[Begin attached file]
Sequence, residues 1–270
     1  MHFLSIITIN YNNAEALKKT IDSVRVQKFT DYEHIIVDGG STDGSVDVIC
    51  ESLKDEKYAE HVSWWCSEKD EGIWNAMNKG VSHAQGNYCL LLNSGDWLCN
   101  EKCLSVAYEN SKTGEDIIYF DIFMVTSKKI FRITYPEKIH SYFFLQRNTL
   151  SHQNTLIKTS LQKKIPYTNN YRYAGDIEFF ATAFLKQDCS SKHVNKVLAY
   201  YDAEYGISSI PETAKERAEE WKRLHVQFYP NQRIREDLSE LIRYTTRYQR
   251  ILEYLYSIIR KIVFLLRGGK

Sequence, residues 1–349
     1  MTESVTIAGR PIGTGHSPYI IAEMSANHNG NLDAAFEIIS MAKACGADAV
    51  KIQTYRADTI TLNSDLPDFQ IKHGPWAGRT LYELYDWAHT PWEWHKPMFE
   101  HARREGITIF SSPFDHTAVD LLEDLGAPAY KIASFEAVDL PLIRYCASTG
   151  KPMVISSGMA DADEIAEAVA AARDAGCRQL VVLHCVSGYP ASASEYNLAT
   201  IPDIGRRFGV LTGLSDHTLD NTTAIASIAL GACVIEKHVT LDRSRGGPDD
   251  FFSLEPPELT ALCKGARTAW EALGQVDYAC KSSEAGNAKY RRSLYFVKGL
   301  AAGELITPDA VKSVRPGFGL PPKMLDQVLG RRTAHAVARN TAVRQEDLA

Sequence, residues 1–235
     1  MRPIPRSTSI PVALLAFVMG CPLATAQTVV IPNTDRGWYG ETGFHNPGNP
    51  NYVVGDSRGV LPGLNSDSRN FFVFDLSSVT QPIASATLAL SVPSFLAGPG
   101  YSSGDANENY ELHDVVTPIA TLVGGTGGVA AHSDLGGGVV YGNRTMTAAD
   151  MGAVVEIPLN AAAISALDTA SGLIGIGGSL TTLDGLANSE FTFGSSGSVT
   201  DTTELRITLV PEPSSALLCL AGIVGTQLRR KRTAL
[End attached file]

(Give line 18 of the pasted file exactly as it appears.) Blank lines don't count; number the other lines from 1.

    51  NYVVGDSRGV LPGLNSDSRN FFVFDLSSVT QPIASATLAL SVPSFLAGPG